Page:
Journal of Sports Science and Medicine
Journal of Sports Science and Medicine
ISSN: 1303 - 2968   
Ios-APP Journal of Sports Science and Medicine
Androit-APP Journal of Sports Science and Medicine
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©Journal of Sports Science and Medicine ( 2004 ) 03 , 50 - 55

Young Investigator Special Issue 1: Research article
Exercise-Induced Hypervolemia may not be Consequential to Dehydration During Exercise
Bartholomew Kay, Brendan J. O’Brien , Nicholas D. Gill
Author Information
Waikato Institute of Technology, Centre for Sport and Exercise Science, Hamilton, New Zealand

Brendan J. O’Brien
✉ Waikato Institute of Technology, Centre for Sport and Exercise Science, Private Bag 3036, Hamilton 2020, New Zealand
Email: Brendan.obrine@wintec.ac.nz
Publish Date
Received: 06-05-2004
Accepted: 04-10-2004
Published (online): 01-11-2004
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ABSTRACT

The purpose of this investigation was to determine whether the increase in plasma volume (PV) frequently observed 24 hours after exercise is proportional to the magnitude of dehydration occurring during exercise. Seven males (age 21.6 ± 4.4 y, body mass 71.5 ± 8.5 kg; VO2peak 43 ± 7 mL·kg·minute-1, peak 60-second cycling power output 282 ± 16 W) completed three cycling sessions at 50% of peak power output in an ambient environment of 35oC, 50% relative humidity; with the exercise lasting either 30, 60 or 90 minutes (in random order) to elicit varying levels of dehydration (assessed by body mass changes). The percent change in PV was calculated 24 hours after each exercise session. All exercise sessions were separated by 7-days. Participants’ body mass (means ± SD) decreased by 1.03 ± 0.22% in the 30-minute exercise protocol; 1.43 ± 0.26% in the 60-minute protocol; and 1.59 ± 0.37% in the 90-minute protocol. Significant PV expansions were not evident 24 hours after any protocol (0.76 ± 4.58% in the 30-minute protocol; 1.40 ± 4.58% in the 60-minute protocol, and 2.92 ± 3.2% in the 90-minute protocol). Regression analysis revealed a poor correlation between percent dehydration and percent change in plasma volume (r = 0.24). Our study revealed that the magnitude of dehydration elicited during this study was insufficient to stimulate a significant expansion in PV.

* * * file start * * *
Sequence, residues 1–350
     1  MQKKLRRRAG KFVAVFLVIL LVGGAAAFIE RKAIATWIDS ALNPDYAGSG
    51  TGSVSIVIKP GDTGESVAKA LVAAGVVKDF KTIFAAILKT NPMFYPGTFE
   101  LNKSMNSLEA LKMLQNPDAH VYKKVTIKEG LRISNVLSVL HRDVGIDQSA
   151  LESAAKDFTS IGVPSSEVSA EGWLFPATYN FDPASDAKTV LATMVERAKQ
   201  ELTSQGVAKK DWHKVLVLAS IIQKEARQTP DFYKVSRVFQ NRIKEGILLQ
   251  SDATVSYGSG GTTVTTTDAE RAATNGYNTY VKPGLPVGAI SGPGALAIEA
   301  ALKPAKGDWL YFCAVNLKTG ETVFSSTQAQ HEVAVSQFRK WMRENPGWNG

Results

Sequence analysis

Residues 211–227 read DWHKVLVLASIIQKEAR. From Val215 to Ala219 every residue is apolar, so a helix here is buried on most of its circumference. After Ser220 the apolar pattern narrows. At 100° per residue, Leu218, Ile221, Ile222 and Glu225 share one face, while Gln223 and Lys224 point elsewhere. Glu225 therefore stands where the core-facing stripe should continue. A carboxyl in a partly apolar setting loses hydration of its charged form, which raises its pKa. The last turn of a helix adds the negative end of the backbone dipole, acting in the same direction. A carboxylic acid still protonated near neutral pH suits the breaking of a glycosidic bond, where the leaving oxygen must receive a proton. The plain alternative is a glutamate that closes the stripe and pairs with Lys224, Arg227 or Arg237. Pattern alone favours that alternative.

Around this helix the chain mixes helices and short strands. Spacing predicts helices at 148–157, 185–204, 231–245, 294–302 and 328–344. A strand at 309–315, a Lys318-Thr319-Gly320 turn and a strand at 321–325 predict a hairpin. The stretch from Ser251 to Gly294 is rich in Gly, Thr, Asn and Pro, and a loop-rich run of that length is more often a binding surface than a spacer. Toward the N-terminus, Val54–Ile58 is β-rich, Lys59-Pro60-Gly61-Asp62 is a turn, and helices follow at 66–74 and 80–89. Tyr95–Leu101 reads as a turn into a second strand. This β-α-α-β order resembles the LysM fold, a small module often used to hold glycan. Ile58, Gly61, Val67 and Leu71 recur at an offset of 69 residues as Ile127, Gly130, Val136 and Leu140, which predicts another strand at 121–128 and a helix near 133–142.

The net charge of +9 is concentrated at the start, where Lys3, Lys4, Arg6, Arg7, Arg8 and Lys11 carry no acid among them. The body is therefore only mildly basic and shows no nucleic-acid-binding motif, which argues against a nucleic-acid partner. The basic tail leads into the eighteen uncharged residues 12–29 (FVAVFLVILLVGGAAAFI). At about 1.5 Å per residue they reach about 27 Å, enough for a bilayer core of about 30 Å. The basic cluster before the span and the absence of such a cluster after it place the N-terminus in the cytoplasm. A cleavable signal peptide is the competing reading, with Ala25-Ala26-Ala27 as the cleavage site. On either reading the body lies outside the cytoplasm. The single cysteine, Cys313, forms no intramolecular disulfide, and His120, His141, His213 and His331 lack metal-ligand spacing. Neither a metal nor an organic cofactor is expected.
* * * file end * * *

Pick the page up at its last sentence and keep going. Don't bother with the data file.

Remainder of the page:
Key words: Exercise, dehydration, fluid volume, blood volume


           Key Points
  • It may be advantageous to prolong or accentuate the hypotension following exercise by postural manipulation or delaying hydration to evoke a significant and observable increase in PV.
  • A greater understanding of the stimulus of exercise-induced hypervolemia is required by exercise physiologists if they are to prescribe appropriate strategies to evoke hypervolemia.
 
 
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